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How to Improve Written Communication Skills

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Posted 19 May 2014 by Chris FarmerChris Farmer

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• Bespoke in-house training.
These can be tailored to your specific needs.
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You may find the following will help with your Written Communication skills training.

How to find the words to express yourself

One of the most common questions that people ask me, when they attend our one day, communications skills training course, is this:

"How can I find the words, to better express myself in writing?"
Some people often say to themselves, "I know what I mean, but I can't explain it".

You often need to be able to explain yourself in writing.

You need to explain yourself and your message. If you cannot explain yourself, then you won't be able to find the backing you need for your ideas.

Many people are looking for a formula that would help them find the words to express themselves in writing.

Let us see if we can create a formula that will help you to find the words to better express yourself.

The first thing to do is to recognise that, in order to be spoken, or to be written, a thought needs first to be expressed in words; in language.

Language is the best tool of expression.

You think in three major forms.

  1. You think in the form of words. Language.
  2. You think in the form of mental images. Imagination.
  3. You think in the form of feelings. Emotion.

But, presumably, you cannot transmit your mental images or emotions to others telepathically.

So you will need to transpose your emotions and your imagination into words: into language.
And with those words you need to be able to construct complete sentences.

You need to be able to construct complete sentences.

A sentence is a verbalised unit of thought.
A complete sentence is a statement that expresses a complete thought.

  • Someone (or something), DOES something, (or IS something).

Technically this construction is: SUBJECT: VERB.

Something or somebody, (the subject of the sentence), does something or is something, (The verb of the sentence).

Here are some simple sentences.

  • I am going. (Here the Subject is I: and the verb is AM GOING.).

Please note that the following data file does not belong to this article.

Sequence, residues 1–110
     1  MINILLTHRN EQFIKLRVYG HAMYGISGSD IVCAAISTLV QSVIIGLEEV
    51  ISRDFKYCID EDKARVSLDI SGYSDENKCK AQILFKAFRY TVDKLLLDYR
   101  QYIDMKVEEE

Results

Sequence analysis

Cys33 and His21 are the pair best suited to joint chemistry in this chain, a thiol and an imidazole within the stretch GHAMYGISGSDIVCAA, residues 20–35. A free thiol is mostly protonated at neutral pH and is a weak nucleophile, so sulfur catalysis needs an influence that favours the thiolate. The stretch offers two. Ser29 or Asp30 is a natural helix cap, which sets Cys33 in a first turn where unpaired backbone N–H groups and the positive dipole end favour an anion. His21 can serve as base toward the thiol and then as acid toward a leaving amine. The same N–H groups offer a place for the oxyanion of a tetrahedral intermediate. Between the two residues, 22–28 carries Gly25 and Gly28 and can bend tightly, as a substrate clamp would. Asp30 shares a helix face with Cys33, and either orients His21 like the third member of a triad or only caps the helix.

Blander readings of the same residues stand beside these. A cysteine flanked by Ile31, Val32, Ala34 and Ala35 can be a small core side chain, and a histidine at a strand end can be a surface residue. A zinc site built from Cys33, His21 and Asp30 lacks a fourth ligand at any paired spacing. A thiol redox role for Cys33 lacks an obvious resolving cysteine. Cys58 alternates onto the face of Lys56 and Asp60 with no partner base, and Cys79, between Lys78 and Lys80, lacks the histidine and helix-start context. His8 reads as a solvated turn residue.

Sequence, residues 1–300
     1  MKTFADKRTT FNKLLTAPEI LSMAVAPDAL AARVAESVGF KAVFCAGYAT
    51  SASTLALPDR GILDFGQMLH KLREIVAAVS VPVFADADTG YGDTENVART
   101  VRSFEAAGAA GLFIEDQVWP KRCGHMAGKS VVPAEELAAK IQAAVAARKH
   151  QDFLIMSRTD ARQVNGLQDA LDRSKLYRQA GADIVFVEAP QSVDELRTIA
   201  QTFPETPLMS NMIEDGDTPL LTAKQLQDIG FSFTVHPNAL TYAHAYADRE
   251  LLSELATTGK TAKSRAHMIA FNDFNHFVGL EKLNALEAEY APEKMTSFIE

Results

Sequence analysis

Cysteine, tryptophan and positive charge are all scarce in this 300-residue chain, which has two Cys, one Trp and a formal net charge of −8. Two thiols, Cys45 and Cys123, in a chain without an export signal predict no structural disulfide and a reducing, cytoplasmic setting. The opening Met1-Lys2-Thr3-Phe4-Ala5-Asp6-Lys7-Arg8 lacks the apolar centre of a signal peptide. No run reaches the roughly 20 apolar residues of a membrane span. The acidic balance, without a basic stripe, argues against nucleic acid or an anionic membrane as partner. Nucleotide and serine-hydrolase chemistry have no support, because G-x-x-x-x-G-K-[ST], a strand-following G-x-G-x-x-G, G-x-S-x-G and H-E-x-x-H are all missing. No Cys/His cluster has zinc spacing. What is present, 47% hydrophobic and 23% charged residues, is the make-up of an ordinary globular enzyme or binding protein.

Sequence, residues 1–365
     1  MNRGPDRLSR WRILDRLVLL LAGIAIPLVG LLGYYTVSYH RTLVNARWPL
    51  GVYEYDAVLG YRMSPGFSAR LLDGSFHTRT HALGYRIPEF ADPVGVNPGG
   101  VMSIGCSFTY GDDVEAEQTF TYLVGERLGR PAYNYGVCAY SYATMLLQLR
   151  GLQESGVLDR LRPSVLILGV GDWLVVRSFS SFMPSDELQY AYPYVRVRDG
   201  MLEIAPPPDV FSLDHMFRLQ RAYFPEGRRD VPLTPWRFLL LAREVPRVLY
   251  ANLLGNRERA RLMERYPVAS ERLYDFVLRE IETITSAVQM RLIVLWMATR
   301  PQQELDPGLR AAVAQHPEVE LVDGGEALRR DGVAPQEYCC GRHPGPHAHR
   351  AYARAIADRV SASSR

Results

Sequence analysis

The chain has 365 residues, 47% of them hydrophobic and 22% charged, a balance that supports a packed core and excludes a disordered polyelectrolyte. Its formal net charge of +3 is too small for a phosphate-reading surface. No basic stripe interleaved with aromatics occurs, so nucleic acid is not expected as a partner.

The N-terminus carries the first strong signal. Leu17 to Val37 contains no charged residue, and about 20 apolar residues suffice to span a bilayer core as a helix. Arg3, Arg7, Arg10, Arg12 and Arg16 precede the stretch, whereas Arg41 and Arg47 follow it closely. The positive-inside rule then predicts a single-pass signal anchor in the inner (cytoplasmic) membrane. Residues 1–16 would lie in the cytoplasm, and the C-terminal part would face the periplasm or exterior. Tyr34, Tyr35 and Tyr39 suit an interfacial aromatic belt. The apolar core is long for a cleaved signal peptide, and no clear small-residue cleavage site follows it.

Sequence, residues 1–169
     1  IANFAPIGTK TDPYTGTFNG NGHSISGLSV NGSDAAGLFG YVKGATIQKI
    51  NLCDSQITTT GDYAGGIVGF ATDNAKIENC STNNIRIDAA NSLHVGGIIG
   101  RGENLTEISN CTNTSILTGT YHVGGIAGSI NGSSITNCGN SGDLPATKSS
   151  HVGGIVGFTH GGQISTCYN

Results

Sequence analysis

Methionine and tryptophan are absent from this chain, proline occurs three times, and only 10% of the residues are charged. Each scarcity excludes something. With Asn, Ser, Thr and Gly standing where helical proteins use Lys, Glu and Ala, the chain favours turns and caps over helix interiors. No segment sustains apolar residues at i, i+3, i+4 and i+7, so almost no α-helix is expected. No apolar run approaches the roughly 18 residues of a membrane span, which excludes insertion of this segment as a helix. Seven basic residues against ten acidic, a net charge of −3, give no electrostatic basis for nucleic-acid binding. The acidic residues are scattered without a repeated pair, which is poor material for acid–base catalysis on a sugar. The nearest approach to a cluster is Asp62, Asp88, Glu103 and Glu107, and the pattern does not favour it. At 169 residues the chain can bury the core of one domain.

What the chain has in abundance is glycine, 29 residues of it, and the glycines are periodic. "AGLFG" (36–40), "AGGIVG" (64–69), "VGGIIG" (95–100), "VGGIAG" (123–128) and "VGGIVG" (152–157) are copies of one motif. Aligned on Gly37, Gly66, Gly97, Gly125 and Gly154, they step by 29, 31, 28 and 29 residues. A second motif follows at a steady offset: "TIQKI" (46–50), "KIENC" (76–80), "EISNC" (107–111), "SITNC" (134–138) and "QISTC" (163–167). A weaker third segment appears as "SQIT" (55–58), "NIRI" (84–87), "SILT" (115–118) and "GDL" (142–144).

• They are upset.
  • You are reading.
  • People are working.
  • Dogs bark.

In order to be a complete unit of thought a sentence needs these two things.

  1. It needs: "a subject phrase" and
  2. It needs a "verb phrase".

1. The first step to written self-expression is easy. It is to write down your thought as a simple subject verb sentence. For example.

  • I don't want to go
  • I like it
  • I don't like it. etc

2. The second stage of self-expression is to ask, and answer two sets of 4 questions.

You ask questions of the subject and the verb and give whatever answers you are able, and whatever answers you wish the other person to know.

There are two sets of questions to ask.

  1. One set for the subject phrase and
  2. One set for the verb phrase.

Have a look at the diagram below:

For every subject you may ask the following:

  1. Which one?
  2. What kind?
  3. Whose?
  4. How many?

And for every verb you may ask the following:

  1. Where?
  2. How?
  3. When?
  4. Why?

You obviously cannot give the information that you don't know; and you don't give the information that you do not think you want the other to know.
Your task as a writer is to fill in the answers to as many of these questions, as you can, or as you want to, for each simple sentence.

For example.
Take the simple sentence:

"Mistakes happen".

"Mistakes" is the subject. "Happen", is the verb

Now you can answer any or all the following questions.

  • Which mistakes happen?
  • What kinds of mistakes happen?
  • Whose mistakes happen?
  • How many mistakes happen?

And for the verb phrase, you could ask:

  • Mistakes happen: Where?
  • Mistakes happen: How?
  • Mistakes happen: Why?
  • Mistakes happen: When?

Look at this second example

"The People are working" is the simple sentence.

Now you can, and maybe should, give all the additional details by answering all 8 questions.
There are four questions, for the subject and another four questions for the verb.

People are working:

  • Which people, are working?
  • What kind of people, are working?
  • Whose people, are working?
  • How many people, are working?

People are working:

  • Where are they working?
  • How are they working?
  • Why are they working? and
  • When are they working?

When writing, use the same formula to help you to find the words you need:

  1. Name the initial idea in the form of a simple sentence: a simple "subject, verb" sentence.
  2. Then ask and answer the four questions for the subject phrase: which ones? what kind?, whose?, how many?.
  3. Ask and answer the four questions for the verb phrase: where? how?, when?, why?

Look at the formula below and memorise its shape and content.

Use it to trigger questions that will help you find the words.
Use it to trigger questions that will help you to listen to others, or to more analytically read what others have written.

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